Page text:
Global financial crash warning: ‘Global recession is approaching’ as euro zone is about to be crushed | City & Business | Finance

Governments around the world have faced successive crises that have put immense pressure on their economies, as inflation soars and the crisis in the cost of living threatens consumer spending. While many – including the eurozone and the UK – have stepped in to prevent a full-scale recession during the pandemic, that aid is being withdrawn just as the effects of Ukraine’s invasion are starting to set in. feel.

Today, analysts suggest that many key economic markers are returning to where they were during the financial crash of 2008.

Robin Brooks, chief economist at the Institute of International Finance and former strategist at Goldman Sachs, noted that the Purchasing Managers’ Index (PMI) of two of Europe’s largest economies, Germany and Italy, is already beginning to show signs of recession.

The index – which shows market conditions rising positively or contracting negatively – has not fallen to 2008 levels for either economy, but has fallen below 50 since the start of the year.

Anything above 50 on the zero to one hundred scale represents an expansion in output, while anything below marks a contraction, suggesting that the two economic powerhouses are already contracting in terms of manufacturing output.

READ MORE: Collapse of the euro zone! Warning “The greatest financial crisis in its history”

However, the measure of new orders minus inventories – which reflects manufacturing activity through expected demand and supply – has already fallen to -10% for Italy and even lower for Germany.

As such, it appears their manufacturing supply is currently outstripping demand – a likely effect of rising inflation as consumers seek to spend less.

Mr Brooks said this downward trend was “already as bad as the 2008 crisis, and this data does not yet reflect the current spike in energy prices” which is expected to put immense pressure on consumers and industry.

Germany in particular could fare worse: a large part of its economy remains heavy manufacturing which tends to consume a lot of natural gas, and which would generally be supplied from Russia.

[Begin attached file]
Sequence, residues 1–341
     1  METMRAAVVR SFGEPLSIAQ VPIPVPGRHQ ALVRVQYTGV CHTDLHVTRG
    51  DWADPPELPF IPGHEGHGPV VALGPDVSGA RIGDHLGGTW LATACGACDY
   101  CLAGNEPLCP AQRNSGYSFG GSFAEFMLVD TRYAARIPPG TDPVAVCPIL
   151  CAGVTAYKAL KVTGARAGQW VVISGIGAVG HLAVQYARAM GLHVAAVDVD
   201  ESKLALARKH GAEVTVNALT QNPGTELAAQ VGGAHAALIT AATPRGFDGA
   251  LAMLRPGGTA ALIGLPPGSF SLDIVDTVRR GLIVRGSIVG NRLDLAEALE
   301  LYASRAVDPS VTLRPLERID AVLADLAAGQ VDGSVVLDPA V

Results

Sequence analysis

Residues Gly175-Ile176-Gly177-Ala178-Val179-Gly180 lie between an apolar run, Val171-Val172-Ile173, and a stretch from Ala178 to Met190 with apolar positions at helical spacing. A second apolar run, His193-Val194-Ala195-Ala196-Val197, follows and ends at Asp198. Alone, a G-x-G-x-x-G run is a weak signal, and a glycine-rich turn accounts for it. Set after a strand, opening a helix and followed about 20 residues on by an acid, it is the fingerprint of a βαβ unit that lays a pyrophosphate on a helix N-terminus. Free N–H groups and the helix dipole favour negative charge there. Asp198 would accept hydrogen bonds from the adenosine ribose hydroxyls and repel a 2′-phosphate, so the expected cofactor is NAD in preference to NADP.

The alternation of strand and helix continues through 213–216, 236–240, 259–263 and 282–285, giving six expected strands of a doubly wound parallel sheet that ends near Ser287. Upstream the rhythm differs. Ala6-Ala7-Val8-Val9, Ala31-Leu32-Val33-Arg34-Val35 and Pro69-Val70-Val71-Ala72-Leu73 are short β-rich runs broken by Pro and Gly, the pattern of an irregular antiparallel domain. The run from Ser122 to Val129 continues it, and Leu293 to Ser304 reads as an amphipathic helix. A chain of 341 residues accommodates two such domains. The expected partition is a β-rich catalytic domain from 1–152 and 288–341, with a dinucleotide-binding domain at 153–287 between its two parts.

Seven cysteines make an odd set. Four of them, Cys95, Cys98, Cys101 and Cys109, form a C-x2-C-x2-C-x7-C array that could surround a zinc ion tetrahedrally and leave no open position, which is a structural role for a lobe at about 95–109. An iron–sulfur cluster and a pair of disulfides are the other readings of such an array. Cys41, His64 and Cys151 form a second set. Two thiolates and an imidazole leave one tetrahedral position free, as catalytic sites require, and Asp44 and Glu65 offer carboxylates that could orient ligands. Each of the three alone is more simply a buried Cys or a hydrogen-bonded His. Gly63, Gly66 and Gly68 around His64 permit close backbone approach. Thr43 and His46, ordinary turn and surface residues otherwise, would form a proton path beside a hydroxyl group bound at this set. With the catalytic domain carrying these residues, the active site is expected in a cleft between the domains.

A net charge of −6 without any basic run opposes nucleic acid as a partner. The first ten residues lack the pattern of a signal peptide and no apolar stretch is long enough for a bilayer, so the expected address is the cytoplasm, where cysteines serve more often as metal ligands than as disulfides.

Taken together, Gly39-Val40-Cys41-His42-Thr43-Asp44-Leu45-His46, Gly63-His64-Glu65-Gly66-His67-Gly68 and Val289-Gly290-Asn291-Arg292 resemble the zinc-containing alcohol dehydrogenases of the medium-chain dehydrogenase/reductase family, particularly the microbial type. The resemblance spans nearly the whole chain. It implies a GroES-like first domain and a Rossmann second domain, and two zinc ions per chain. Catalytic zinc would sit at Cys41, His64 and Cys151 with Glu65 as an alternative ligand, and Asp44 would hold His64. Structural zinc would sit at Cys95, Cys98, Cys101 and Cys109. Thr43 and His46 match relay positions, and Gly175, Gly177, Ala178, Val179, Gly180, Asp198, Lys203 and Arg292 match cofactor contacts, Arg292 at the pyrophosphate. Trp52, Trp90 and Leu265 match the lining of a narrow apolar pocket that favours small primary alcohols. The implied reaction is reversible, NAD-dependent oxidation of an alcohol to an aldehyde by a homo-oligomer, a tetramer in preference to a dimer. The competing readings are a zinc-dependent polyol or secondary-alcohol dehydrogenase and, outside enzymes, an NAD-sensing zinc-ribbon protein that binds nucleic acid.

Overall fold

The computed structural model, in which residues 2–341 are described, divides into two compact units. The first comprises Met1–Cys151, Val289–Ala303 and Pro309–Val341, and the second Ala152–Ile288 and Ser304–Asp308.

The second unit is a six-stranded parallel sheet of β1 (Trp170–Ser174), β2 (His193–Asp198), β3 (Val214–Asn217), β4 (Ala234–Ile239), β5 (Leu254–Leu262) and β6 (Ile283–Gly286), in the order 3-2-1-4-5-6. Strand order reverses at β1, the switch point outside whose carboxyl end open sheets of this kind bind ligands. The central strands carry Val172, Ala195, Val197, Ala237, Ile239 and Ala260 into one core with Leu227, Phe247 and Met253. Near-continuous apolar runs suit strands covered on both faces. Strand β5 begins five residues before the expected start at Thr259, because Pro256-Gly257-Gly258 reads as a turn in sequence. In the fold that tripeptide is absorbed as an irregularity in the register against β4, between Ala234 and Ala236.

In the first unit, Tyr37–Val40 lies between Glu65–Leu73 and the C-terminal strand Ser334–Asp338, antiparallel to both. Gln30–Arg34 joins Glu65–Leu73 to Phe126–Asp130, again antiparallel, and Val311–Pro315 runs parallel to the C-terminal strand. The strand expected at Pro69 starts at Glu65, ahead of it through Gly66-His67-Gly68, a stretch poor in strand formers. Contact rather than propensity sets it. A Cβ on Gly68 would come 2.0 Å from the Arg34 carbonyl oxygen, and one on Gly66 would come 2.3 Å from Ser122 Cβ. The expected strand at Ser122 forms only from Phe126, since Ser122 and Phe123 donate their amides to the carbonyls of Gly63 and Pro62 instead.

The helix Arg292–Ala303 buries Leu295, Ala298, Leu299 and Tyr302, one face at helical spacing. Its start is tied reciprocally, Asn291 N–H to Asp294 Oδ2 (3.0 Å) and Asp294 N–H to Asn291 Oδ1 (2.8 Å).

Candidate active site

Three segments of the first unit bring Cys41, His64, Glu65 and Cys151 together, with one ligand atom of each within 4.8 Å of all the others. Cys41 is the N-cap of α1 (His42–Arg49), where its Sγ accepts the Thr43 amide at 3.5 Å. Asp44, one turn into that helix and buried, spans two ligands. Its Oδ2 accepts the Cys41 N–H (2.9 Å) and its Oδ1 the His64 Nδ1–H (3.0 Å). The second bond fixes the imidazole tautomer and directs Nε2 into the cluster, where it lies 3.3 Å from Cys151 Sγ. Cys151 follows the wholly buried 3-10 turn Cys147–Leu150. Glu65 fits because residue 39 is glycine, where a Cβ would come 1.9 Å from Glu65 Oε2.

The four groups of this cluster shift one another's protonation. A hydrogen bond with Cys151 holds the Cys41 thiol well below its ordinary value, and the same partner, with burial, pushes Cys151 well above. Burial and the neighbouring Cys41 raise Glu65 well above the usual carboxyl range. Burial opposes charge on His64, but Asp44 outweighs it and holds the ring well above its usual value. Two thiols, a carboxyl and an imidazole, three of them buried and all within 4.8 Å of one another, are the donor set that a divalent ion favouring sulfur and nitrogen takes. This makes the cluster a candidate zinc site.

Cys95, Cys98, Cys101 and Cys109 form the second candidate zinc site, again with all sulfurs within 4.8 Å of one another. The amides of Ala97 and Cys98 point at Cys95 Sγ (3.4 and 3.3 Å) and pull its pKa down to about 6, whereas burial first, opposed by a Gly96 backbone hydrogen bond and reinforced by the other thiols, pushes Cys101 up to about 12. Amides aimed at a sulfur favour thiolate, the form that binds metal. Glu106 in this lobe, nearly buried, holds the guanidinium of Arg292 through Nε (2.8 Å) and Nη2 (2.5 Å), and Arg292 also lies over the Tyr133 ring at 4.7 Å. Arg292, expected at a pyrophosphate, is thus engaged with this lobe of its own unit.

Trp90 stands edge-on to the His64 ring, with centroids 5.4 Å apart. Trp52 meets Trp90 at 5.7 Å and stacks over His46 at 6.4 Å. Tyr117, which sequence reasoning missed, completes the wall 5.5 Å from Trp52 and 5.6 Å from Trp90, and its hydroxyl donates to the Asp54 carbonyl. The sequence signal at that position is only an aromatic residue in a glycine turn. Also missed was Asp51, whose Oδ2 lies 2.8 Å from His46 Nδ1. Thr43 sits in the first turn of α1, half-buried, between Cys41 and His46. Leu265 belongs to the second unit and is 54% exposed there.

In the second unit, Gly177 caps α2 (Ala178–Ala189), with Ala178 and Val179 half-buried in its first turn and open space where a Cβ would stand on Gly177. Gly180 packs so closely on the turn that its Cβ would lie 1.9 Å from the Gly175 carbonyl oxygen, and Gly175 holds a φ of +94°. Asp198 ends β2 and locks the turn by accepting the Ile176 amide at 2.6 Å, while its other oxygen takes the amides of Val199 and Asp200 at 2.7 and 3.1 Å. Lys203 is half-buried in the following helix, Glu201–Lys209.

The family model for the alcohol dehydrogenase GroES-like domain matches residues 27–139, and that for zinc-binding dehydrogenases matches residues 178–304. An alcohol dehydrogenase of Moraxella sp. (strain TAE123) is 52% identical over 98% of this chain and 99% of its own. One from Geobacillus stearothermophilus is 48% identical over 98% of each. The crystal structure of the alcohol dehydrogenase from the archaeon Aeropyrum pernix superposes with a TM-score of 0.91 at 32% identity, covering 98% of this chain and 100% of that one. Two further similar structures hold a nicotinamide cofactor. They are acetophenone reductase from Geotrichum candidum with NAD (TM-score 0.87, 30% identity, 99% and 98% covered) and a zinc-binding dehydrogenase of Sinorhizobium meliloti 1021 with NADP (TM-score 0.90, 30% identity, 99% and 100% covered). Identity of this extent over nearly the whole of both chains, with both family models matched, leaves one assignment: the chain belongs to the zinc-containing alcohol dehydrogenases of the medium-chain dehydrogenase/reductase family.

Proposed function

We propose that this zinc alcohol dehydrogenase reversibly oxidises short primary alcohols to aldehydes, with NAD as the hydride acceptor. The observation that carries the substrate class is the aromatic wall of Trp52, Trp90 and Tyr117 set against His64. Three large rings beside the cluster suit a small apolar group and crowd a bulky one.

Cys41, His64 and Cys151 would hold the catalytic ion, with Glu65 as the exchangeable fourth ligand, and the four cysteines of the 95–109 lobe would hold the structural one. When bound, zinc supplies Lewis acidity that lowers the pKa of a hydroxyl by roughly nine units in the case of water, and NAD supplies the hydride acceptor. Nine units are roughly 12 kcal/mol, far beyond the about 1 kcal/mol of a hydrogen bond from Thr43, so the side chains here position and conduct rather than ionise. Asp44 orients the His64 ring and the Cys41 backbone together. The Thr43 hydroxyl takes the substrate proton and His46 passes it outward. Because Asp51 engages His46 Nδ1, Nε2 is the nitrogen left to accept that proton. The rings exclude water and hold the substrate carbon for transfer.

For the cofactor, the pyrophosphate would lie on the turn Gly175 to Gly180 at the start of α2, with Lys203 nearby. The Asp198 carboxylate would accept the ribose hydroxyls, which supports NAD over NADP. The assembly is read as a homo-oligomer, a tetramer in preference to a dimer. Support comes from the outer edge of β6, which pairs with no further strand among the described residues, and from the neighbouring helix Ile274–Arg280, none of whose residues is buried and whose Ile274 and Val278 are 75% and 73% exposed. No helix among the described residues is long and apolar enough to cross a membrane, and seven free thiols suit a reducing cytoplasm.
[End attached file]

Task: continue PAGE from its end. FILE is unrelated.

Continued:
Some of this can be attributed to the need to look elsewhere for energy supplies, but the downward trend even before the start of the war suggests that the decline in productivity was only exacerbated by the invasion. from Ukraine.

Mr Brooks explained: “German manufacturing has lost access to cheap Russian energy and therefore its competitive edge, even as peripheral debt makes ECB tightening impossible.”

Another sign of the impending recession is that German government bonds are registering their biggest swings since the Eurozone crisis a decade ago.

According to a Financial Times analysis of Refinitiv data today (Tuesday), the yield on German 10-year bonds has oscillated 0.1% in 79 days, which has not happened regularly since the crisis of the debt.

Antoine Bouvet, senior rate strategist at ING Bank, told the newspaper: “Market conditions are deteriorating in the bond markets. Everyone has the same point of view, so no one is ready to take the other side.

Volatility in the German bond market is a sign of deteriorating trading conditions, with many traders holding their breath in the face of possible further interest rate hikes by the European Central Bank.

But the market also now lacks the federal bank’s backstop guaranteeing bond buying for constituent governments, as it abandons its asset and bond purchase programs put in place during the pandemic to allow the loan.

Italian bonds would also fluctuate significantly, and the spread between them and German 10-year bonds reached nearly 2.3% on Monday.

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